Seldom would you find a Busch-sodden fan of boogie bands like Travis Tritt, Montgomery Gentry or Confederate Railroad at a No Depression Southern Culture on the Skids show, or a tattooed, Jack Daniel's-fueled Dickey Betts fan at a weed-reeking Widespread Panic extravaganza. "You'd never find anyone that would admit it," clarifies Cooley. "Everybody would crank Skynyrd up when nobody else was in the car. Among us indie rock fans -- I say 'us' 'cause I was one of 'em for a while -- it became uncool to be into that stuff. But every single time 'Gimme Back my Bullets' would come on the radio, we'd turn it up."
For a time, in Texas at least, Shaver and Steve Earle were exceptions that proved the rule, but there was precious little else to unite the tribes, though Houston had Horseshoe, Jug O' Lightnin' and Carolyn Wonderland, each of whom was equally at home in hipster Montrose and in the hippie scene at the Last Concert Cafe, much as the jam-bandish Moses Guest and the alt-countryish Opie Hendrix are today.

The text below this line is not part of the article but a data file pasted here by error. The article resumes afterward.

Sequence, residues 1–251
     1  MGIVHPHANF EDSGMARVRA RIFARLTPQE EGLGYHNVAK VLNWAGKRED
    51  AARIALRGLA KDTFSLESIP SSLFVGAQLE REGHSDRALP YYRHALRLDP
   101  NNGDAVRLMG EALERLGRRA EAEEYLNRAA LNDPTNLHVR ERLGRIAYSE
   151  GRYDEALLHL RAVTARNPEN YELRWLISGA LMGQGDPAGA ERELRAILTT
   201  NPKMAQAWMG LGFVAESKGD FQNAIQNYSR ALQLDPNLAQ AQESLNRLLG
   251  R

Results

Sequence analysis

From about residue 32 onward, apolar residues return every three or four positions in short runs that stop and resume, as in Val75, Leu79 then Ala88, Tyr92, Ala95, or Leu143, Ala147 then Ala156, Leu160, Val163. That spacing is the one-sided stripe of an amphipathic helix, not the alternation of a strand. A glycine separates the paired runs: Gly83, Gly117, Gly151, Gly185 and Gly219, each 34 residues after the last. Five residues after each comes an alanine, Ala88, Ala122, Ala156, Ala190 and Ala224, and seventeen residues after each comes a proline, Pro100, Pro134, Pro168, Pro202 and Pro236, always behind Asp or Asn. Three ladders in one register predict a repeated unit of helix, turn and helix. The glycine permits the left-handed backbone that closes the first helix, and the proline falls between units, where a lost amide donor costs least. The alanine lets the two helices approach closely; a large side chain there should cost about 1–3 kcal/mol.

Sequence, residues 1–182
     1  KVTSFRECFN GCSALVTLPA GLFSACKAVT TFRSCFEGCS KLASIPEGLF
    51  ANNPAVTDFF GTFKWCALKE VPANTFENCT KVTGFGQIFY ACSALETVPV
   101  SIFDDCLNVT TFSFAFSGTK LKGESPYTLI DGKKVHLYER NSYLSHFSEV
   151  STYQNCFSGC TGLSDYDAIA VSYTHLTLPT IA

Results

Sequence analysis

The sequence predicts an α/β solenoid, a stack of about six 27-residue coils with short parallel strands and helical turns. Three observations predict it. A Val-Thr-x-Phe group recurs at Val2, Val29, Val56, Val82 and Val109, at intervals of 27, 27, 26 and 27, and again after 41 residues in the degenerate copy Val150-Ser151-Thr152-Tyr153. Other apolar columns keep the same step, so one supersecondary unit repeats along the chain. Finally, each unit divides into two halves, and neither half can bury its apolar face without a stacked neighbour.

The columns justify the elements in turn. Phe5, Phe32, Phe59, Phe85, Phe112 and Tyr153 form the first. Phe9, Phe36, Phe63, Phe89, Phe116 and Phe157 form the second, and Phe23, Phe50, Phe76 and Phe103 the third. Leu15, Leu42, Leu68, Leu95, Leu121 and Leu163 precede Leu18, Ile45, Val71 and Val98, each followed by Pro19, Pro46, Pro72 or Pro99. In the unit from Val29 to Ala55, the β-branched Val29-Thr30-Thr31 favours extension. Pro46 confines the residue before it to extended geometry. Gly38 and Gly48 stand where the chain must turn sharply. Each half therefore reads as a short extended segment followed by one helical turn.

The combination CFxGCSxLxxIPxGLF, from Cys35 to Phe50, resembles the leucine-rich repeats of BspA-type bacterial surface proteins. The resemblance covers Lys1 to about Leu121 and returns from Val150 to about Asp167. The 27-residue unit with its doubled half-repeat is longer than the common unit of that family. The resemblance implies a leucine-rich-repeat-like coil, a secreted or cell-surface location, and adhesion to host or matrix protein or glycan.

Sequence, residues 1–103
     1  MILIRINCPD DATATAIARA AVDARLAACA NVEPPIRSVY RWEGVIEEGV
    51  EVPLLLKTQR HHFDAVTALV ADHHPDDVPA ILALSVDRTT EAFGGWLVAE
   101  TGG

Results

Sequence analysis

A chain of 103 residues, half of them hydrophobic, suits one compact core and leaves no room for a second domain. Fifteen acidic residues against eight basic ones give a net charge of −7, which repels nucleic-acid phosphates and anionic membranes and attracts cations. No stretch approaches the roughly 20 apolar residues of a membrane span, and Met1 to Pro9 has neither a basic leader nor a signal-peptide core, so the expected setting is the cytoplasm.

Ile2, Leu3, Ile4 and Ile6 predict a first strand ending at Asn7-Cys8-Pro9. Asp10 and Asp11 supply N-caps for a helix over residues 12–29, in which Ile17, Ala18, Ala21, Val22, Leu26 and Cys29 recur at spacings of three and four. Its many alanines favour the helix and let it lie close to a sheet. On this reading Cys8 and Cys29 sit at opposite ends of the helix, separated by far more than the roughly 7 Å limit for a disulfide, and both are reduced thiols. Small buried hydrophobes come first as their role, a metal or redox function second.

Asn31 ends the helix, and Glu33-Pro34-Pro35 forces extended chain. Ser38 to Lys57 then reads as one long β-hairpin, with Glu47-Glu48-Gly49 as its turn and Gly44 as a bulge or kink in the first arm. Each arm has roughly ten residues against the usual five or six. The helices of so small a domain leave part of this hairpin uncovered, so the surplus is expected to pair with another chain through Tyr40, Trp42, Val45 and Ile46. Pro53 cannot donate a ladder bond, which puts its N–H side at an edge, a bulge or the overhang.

But that's all changing now. There is again a center. Tennessee's Kings of Leon, the North Mississippi All-Stars, Kentucky's My Morning Jacket, Alabama's Drive-By Truckers, Virginia's Scott Miller and Texas's own Los Lonely Boys are proving Charlie Daniels right -- the South is doing it again.
"I think people are enjoying the real rock and roll aspect of most of those bands," says Pete Gray, manager of Houston's Continental Club. (Drive-By Truckers will be appearing there this week.) "Basically it's really good old-school rock and roll. They can label it country, blues or whatever, but really what it boils down to is good old rock and roll. It's really appealing to the younger folks. You take Hank III, you couldn't call that a country show. It's a rock and roll show. Same with the North Mississippi All-Stars -- I wouldn't call that a blues show even though that's what it's labeled as."